One of Loggins’ favorite stories from the early days is the time they tunneled into something unexpected. Someone donated a four-foot cherry tree. While digging down to plant it, they hit cobblestones, which they started to remove, one by one. Then, they heard a rumbling. “It was the roof of the subway!” Loggins says. “We quietly put the stones back and planted the tree somewhere else.”
Getting legal responsibility for the garden plot was nearly as difficult as clearing out old refrigerators and chasing off buccaneers with pitchforks. The city technically owned the lot, because the property’s last owner stopped paying taxes and suffered foreclosure. Still, the city wasn’t eager to grant them a lease. “We argued that no one would ever want to live in the East Village,” Loggins says, chuckling. At the time, it also seemed true.
It was thanks to support from the neighbors and the media coverage that the episode spawned that the city agreed to lease the space to the group. The cost for that East Village real estate in 1973? One dollar per year.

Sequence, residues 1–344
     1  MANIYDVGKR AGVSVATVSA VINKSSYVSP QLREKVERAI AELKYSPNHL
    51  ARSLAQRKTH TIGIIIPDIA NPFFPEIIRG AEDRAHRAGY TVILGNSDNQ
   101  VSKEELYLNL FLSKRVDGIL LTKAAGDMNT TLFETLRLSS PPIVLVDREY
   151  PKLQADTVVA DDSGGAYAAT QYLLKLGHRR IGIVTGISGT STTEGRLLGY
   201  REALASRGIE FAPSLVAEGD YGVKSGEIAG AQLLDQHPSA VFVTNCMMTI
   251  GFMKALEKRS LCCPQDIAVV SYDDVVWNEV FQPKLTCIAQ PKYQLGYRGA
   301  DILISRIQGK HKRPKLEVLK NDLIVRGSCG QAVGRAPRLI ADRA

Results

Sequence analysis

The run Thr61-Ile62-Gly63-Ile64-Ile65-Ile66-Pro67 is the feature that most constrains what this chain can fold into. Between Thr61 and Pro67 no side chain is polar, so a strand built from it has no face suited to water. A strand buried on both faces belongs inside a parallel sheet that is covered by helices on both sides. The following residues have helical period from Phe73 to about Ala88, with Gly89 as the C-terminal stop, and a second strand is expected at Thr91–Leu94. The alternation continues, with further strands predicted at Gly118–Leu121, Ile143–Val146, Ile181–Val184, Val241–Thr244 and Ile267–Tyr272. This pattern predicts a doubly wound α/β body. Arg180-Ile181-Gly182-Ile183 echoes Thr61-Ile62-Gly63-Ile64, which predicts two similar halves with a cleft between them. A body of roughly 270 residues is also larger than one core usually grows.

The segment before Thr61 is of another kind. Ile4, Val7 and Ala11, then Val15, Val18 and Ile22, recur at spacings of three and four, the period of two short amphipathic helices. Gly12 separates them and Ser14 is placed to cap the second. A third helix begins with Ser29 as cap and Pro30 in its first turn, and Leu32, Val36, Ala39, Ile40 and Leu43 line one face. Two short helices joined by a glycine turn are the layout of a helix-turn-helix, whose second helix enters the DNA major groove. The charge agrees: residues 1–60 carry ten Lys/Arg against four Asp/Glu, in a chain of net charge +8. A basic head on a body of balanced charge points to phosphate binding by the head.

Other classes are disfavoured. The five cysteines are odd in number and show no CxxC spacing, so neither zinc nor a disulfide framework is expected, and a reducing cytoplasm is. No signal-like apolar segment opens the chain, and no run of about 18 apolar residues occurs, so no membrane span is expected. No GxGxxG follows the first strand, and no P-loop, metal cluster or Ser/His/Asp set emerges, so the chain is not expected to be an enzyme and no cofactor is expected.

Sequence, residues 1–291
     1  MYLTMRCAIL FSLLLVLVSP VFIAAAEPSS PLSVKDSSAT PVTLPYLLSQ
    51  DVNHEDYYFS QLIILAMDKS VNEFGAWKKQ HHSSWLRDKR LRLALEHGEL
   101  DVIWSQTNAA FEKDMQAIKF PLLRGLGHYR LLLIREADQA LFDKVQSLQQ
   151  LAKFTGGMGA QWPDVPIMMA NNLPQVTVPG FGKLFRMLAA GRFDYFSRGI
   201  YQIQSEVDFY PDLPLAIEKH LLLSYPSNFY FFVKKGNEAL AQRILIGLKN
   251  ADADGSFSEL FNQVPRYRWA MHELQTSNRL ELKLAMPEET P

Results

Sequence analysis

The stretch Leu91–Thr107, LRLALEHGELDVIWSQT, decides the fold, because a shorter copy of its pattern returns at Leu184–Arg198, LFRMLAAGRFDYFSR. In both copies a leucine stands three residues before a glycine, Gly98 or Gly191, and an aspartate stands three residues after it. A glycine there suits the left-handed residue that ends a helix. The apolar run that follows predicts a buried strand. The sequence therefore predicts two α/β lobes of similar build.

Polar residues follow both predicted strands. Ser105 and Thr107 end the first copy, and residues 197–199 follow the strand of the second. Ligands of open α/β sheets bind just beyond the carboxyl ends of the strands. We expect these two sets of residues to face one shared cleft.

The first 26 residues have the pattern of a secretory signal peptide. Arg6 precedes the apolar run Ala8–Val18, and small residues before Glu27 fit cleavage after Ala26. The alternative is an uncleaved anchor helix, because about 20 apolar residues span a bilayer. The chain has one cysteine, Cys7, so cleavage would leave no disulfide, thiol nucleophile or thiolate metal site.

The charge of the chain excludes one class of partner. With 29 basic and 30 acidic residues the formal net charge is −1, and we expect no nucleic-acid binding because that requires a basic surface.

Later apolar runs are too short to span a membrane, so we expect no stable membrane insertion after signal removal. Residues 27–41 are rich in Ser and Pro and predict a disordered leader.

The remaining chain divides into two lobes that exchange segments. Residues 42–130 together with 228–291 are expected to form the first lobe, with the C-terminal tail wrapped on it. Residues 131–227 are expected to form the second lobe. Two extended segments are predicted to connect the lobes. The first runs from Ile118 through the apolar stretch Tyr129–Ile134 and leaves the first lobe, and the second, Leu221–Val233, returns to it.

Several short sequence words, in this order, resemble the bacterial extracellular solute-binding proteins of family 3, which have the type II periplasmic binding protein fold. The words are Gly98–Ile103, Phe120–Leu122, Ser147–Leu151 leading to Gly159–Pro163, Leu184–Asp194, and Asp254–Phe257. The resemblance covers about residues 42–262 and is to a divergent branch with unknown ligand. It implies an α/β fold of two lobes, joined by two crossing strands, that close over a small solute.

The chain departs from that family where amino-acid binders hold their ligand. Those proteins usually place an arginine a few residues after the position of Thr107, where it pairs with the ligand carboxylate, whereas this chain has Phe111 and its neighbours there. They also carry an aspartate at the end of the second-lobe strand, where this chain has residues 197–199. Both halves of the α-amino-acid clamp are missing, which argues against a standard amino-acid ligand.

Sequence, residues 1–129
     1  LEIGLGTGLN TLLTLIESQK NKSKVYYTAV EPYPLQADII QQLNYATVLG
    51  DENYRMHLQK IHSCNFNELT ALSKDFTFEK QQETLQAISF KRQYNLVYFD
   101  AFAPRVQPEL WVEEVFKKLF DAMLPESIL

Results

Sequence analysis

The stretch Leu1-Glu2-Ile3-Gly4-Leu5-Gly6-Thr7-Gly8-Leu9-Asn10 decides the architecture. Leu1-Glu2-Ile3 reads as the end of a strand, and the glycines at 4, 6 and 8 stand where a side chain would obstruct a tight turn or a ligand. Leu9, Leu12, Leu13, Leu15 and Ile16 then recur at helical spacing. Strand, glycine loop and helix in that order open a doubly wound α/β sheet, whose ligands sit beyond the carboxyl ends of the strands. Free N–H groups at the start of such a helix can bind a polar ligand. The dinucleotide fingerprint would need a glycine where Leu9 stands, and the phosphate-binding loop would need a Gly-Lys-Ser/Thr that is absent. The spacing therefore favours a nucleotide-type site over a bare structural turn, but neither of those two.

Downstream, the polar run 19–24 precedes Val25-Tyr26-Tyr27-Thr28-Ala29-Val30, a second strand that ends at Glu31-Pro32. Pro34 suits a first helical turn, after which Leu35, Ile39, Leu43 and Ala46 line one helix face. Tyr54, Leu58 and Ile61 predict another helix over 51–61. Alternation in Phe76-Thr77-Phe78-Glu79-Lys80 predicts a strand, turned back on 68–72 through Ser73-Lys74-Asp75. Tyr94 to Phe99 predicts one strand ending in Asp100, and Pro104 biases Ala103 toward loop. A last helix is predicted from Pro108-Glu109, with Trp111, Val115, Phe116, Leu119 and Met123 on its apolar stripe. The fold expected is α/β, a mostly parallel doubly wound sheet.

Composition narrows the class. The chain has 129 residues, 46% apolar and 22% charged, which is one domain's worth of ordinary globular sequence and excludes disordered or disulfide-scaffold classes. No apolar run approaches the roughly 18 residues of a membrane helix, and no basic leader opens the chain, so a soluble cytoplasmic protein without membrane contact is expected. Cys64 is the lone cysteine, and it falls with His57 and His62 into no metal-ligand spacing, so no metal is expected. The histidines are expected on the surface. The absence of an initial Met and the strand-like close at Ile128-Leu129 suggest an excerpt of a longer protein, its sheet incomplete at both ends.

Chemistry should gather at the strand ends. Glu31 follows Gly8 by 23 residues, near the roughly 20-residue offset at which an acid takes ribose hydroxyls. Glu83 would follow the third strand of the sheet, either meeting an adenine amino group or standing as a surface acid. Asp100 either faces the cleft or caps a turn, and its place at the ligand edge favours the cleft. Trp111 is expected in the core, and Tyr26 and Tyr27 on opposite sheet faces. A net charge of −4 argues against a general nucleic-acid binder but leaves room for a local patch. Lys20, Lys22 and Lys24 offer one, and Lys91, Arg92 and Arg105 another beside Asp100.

The second time the group saved the garden was in 1989, at a point when the “no one would ever want” argument would surely have failed. That was when AvalonBay bought the old All Nations church and then community center building next door, which once had housed McGurk’s Suicide Hall. AvalonBay’s original plan involved dividing the garden in two, in order to connect its building — a towering glass luxury housing structure — directly to Bowery.
But the garden team pushed back, and the neighborhood did too. By the time construction began in 1995, AvalonBay agreed that the garden needed to be protected. Not only did the company not split the garden, it furthermore agreed to build without harming the plants by blocking the sunlight or rain. In return, the garden closed during the building’s construction, for about one year. AvalonBay now provides the garden with monthly water access.
Loggins says the garden’s appeal extends far beyond its tiny corner of the world between Bowery and Houston. Over the years, the garden has hosted international visitors from Paris, Berlin, and Japan — especially from people interested in how to use areas still abandoned after bombing during World War II.